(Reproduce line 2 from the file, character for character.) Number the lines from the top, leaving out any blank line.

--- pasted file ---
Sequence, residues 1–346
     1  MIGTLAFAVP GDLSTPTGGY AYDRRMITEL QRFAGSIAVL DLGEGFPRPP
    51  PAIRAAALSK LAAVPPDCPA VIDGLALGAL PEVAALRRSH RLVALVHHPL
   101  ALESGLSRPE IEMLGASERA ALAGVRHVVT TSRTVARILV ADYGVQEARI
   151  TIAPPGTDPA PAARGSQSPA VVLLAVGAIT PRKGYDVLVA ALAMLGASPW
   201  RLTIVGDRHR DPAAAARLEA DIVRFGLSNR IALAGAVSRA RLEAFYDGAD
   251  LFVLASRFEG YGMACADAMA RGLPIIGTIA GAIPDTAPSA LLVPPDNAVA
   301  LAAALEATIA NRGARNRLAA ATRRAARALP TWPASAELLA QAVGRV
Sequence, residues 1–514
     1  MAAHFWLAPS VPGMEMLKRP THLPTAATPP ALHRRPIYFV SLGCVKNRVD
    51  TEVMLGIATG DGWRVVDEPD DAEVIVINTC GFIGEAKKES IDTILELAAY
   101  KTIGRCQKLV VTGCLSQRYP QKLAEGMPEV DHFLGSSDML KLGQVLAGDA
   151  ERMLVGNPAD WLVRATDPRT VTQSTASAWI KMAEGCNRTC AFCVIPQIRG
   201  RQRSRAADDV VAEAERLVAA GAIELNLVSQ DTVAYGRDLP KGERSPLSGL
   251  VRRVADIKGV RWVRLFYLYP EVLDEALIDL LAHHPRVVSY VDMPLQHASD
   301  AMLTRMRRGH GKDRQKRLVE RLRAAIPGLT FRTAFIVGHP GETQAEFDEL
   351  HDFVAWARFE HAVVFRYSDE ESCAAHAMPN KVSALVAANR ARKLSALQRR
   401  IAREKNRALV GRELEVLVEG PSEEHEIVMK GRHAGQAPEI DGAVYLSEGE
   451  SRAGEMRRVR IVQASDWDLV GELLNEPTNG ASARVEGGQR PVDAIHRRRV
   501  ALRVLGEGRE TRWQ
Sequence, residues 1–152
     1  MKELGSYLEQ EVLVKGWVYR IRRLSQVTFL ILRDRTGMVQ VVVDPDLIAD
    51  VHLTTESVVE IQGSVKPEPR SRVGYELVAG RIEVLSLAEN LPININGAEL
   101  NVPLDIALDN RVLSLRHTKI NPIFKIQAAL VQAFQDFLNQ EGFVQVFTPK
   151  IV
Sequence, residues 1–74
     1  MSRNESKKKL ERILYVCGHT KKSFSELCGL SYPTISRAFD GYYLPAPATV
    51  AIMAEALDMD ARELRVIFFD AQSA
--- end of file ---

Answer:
     1  MIGTLAFAVP GDLSTPTGGY AYDRRMITEL QRFAGSIAVL DLGEGFPRPP